Since I cover the team on a regular basis, I’ve had a few people ask me the same thing for a few weeks:
What’s the deal with the Ohio State women’s basketball team, huh?
Well, how much time do you have?
The Buckeyes were ranked in the top five at the start of the season, owing to the return of two-time All-America center Jantel Lavender, All-Big Ten point guard Samantha Prahalis and three other starters from a 30-win team, but have skidded to a 13-9 record and are looking not only at the end of their six-year run as Big Ten champions but perhaps even missing the NCAA tournament.
Why is that?
The reasons for the struggles have been discussed much the past six weeks or so, but I would say they came through most clearly during interviews today.
Two problems are at the forefront: The stars have been inconsistent, and they have not gotten much support at all from the bench.
The absence of bench production is not entirely surprising. The three top reserves from last season all graduated, and no one has risen up to replace them. That has a lot to do with youth.
The only bench player with more than one year of college experience is Alison Jackson, a senior who has never made the transition from McDonald’s All-American to productive college player because I just don’t think her heart is in it. She’s athletic and has long arms, but she seems to wander at both ends of the floor.
Sophomore Amber Stokes has been solid in spurts but she’s a work in progress on offense, and freshmen Brianna Sanders and Martina Ellerbe are just too raw to be counted on for much production.
Freshman center Ashley Adams has been a revelation at times, but she also has been up and down.
That’s a much bigger problem than anyone might have imagined before the season because her presence is about the only thing that makes the offense function properly.
There’s not really any natural movement in the offense, so passing must be crisp and quick, and she has proven to be the missing link there. She can find the open person in the high post and finish down low. Defensively, though, she doesn’t have much foot speed so she can be taken advantage of by perimeter-oriented bigs in the league.
But the youth of the bench has been established before.
What was new Wednesday is head coach Jim Foster said some of his veteran stars are working through adversity, perhaps for the first time in their careers.
He said sometimes a coach knows a player needs to learn something but has trouble getting through to them why they need to work on their weaknesses until they start to get exploited or someone takes away their strength. A player might have a move that works 90 percent of the time and so rarely come across someone who can force them to do anything else that they ignore being told to work on it anyway.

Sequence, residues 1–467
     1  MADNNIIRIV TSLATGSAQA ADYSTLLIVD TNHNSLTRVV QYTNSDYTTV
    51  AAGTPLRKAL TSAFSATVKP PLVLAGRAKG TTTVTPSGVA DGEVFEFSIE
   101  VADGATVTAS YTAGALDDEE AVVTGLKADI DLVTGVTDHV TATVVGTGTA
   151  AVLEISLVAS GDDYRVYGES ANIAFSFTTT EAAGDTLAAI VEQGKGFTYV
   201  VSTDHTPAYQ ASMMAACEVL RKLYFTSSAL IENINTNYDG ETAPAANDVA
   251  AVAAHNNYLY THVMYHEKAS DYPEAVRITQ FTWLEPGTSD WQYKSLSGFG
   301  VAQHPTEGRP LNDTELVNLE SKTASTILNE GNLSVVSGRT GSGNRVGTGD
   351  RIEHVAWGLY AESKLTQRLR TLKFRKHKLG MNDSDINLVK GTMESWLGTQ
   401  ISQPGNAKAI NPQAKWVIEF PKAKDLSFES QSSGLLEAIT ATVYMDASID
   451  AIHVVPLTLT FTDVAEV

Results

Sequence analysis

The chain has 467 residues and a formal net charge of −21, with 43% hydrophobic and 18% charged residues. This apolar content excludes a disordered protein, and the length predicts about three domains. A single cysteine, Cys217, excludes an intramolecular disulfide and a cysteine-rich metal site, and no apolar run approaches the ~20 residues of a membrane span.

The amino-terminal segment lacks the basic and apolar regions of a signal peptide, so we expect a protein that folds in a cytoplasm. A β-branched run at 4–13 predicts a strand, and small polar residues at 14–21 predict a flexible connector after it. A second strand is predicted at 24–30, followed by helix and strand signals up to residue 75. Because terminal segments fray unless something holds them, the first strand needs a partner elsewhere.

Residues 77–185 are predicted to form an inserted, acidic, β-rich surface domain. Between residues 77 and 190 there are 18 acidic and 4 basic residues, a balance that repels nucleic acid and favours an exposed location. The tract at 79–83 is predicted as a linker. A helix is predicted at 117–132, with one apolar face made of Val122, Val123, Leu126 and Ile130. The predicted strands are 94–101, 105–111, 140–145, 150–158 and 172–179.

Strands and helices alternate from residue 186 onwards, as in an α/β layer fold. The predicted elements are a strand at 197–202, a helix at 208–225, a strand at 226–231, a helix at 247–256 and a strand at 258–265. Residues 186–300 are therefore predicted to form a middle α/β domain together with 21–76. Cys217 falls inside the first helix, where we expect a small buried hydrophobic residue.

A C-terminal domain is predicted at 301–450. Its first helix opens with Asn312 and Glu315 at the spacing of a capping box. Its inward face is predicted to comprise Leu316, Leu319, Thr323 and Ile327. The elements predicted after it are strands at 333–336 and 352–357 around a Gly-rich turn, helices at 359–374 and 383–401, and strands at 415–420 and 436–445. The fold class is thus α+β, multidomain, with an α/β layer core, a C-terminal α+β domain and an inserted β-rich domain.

Part of coaching is hiding weaknesses, but there is so much familiarity in the Big Ten that they know what to attack, and the rest of the conference has been waiting to pounce on them for a while.
Lavender is in a unique position because she has great natural strength and quickness, but she has let people too often turn her into a finesse player either by using size, numbers or just rough play against her.
She’s developed a reliable 15-foot jumper but is still well-known to prefer to score over her left shoulder so teams sit on that.
Prahalis has gotten knocked off her game by physical play at times, too, and she tends to get frustrated and press when things start to go south. Foster has tried to let her split time at the point with sophomore Tayler Hill (she is a McDonald’s All-American like Prahalis and Lavender), a move that has had some success, but Hill is not as good at setting up her teammates as Prahalis. Prahalis is a drive-and-dish player who can stop and shoot from the outside. Hill is a drive-and-score player who can take people off the dribble and finish with her strength.
So basically the scorer is trying to learn to set people up and the passer is learning to play on the wing, and there has been trial and error they haven’t been able to overcome.
Overall, the offense probably isn’t as good as it could be, but the bigger problem is on the other end of the floor.
Defense has been a struggle for quite a while, and there’s a simple reason for it: He has recruited offensive-minded players and found convincing them of the importance of playing defense for 35 seconds instead of 30, or on every possession in stead of every other, a difficult proposition.
Brittany Johnson, the other senior starter not mentioned yet, said that is coming along in practice but they haven’t transferred it over to games yet. We will see if that is the case. She has improved as a defensive player, but she had a long way to go. She’s a great shooter but hasn’t added much else to her game in the past couple of seasons. If she’s working on anything, it would be scoring off the dribble and maintaining defensive presence every possession.
Foster said the team’s confidence overall is fine, but it doesn’t look that way from the outside.
I think there is genuine concern amongst the players that they might not get out of this funk, and that has made them play tentative and kept them from making the types of plays they need to make when they are challenged.
How quickly the team matures will determine how good they can be when all is said and done.
I tend to think it’s getting awfully late for them to figure it out, but I guess that’s the nice thing about basketball: There are a lot of second chances.